Chris Grayling just blocked TfL's plan to take over London's railways

Chris Grayling does not want London to take back control. Image: Getty.

Wow. This isn't good.

From today's Evening Standard:

Sadiq Khan’s bid to take over London’s suburban railways was halted in its tracks today.

(...)

[Transport secretary Chris] Grayling formally rejected Mr Khan’s proposal to take over Southeastern services from 2018, which would have been the first step towards Transport for London taking charge of all services up to the capital’s boundaries.

(...)

“Right now I think the last thing our railways need in London is deckchair shifting without a clear sign that there is something better on the other side,” said the Transport Secretary.

Take a look at what you could have won:

That map was produced by TfL, on the mayor’s instructions. But it wasn’t some cynical lefty power grab: the administration of the last mayor, Boris Johnson – a Conservative – was plotting something similar.

Grayling says he's not ruling anything out for the future (hmmm). His argument seems to be that he doesn't see why Transport for London would inherently do a better job of running London's rail services than a private rail firm.

Perhaps this represents a distrust of the public sector (Tories gonna Tory). Or perhaps it’s a recognition of the fact that many of the problems facing London's suburban lines have nothing to do with who runs them, and everything to do with history and track lay out.

Or perhaps it's politics red in tooth and claw. Placing more lines in the hands of TfL means placing them in the hands of a Labour mayor. And...

Mr Grayling warned of a potential conflict between London’s needs and those of passengers from Kent and East Sussex, because long-distance and local trains share the same tracks.

“If you live in Guildford where’s the democratic accountability?” he asked. “Why should the Mayor of London be responsible for a train from Guildford or Dorking?”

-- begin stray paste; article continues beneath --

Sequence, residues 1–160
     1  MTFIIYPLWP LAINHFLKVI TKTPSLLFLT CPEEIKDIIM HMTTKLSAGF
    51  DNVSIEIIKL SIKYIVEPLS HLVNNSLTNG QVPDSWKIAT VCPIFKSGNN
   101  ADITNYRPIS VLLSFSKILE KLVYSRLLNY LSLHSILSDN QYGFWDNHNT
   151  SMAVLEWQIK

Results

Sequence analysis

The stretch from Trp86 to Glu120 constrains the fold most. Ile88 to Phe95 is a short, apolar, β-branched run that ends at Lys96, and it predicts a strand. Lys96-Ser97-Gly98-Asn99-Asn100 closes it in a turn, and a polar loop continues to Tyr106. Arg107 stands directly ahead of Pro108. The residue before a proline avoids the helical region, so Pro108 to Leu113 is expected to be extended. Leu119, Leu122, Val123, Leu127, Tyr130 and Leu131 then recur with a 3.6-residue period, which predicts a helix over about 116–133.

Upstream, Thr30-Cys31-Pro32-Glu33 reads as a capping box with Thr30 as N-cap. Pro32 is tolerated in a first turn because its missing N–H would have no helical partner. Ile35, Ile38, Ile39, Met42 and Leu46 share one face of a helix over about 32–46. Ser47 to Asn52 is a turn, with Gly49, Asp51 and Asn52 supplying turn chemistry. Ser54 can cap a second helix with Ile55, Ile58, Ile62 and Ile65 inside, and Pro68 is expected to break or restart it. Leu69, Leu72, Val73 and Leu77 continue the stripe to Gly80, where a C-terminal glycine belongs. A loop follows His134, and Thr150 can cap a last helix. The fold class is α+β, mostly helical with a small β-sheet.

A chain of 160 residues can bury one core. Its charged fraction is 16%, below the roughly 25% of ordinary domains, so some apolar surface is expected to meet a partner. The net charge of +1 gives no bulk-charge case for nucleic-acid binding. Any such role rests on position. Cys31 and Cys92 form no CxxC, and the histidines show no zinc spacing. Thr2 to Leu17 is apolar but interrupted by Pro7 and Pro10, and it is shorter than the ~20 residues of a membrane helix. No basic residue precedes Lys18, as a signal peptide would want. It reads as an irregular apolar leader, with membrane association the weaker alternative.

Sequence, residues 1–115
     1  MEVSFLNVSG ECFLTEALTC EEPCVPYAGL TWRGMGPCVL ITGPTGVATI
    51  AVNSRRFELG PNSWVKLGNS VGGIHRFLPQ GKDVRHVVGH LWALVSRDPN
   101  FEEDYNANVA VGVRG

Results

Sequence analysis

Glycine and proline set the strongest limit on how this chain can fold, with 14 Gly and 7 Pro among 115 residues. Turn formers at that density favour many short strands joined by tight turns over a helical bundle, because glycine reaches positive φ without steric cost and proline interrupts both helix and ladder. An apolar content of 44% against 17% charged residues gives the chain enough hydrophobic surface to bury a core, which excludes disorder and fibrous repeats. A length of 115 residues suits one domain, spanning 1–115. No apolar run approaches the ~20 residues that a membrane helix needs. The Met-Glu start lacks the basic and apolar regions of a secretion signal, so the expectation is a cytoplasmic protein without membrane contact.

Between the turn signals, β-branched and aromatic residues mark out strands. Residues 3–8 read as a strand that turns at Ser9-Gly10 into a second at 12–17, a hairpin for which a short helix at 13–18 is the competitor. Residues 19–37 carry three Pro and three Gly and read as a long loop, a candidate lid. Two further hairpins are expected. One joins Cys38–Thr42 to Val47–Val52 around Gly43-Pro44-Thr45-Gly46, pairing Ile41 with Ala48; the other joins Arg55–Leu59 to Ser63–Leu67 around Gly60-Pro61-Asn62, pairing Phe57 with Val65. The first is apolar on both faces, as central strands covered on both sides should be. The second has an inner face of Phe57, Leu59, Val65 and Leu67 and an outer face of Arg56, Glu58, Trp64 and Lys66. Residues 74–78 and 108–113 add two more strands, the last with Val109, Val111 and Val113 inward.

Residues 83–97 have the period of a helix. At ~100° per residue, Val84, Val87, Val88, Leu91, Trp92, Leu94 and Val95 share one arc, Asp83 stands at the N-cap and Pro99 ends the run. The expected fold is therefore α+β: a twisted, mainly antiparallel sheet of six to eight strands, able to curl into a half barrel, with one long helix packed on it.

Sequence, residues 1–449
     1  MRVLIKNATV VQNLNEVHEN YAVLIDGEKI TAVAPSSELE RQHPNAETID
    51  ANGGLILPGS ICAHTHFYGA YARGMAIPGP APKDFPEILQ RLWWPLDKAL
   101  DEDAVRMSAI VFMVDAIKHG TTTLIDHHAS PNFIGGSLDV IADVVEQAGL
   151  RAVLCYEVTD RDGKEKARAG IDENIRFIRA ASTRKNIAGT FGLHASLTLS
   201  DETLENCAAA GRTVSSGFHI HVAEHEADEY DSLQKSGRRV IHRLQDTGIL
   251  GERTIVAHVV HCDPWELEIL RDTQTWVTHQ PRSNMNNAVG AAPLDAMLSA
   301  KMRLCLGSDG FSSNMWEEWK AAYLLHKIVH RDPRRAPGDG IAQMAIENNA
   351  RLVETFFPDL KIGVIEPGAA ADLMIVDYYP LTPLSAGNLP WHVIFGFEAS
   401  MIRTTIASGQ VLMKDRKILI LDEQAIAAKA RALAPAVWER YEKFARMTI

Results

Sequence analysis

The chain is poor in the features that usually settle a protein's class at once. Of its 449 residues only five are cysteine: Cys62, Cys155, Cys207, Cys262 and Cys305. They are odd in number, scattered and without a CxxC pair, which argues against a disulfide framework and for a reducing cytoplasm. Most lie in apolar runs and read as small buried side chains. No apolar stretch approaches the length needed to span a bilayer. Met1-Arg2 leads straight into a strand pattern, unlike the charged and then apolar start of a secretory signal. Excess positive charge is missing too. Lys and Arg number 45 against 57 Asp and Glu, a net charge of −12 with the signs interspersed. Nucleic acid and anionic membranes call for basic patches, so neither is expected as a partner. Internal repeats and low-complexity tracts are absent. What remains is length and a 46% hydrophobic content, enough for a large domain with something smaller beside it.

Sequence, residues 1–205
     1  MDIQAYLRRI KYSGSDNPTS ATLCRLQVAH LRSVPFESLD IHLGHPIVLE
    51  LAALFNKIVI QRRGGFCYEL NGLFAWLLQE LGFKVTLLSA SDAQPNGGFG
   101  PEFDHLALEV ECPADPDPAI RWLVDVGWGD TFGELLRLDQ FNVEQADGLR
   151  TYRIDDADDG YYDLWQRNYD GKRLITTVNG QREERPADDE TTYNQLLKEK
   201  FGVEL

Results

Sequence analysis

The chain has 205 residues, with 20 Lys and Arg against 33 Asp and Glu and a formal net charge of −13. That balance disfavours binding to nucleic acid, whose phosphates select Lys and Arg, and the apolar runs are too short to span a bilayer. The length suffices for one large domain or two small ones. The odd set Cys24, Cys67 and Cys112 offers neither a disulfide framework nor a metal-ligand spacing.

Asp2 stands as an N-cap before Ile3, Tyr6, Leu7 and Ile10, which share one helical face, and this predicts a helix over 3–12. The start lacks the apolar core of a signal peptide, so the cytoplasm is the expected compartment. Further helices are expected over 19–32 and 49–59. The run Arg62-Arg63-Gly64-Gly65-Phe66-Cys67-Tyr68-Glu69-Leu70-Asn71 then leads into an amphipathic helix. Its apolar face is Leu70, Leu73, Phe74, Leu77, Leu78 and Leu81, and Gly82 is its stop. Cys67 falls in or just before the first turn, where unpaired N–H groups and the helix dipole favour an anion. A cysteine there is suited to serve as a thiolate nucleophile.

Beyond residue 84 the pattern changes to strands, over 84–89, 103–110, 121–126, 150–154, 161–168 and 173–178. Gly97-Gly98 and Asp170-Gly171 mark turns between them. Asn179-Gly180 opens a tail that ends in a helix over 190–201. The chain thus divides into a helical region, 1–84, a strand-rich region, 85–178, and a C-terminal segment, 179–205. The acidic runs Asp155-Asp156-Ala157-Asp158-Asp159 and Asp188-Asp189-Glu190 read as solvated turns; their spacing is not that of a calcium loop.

...hmmm. Aren't those... Tory constituencies?

It's difficult to feel good about this. While there are some very good rail franchises out there, there are also some that give the distinct impression that they worry more about their shareholders than about getting commuters to work. Which, in their defence, they are legally required to do – hence, I'd rather have a body with London's interests at heart setting the terms of their contract.


But apparently we're not going to do that. I'm sure Chris Grayling has his reasons.

One thing that does slightly baffle me about this, though. At the moment, if the tube breaks, responsibility lies ultimately with London's mayor. When a rail franchise breaks, responsibility lies ultimately with the secretary of state for transport.

Grayling has just made it clear that he'd prefer to remain personally responsible for the running of Southern Rail.

Well, it's a position.

Jonn Elledge is the editor of CityMetric. He is on Twitter, far too much, as @jonnelledge.

Want more of this stuff? Follow CityMetric on Twitter or Facebook

 
 
 
 

Two east London boroughs are planning to tax nightlife to fund the clean up. Will it work?

A Shoreditch rave, 2013. Image: Getty.

No-one likes cleaning up after a party, but someone’s got to do it. On a city-wide scale, that job falls to the local authority. But that still leaves the question: who pays?

In east London, the number of bars and clubs has increased dramatically in recent years. The thriving club scene has come with benefits – but also a price tag for the morning clean-up and cost of policing. The boroughs of Hackney and Tower Hamlets are now looking to nightlife venues to cover these costs.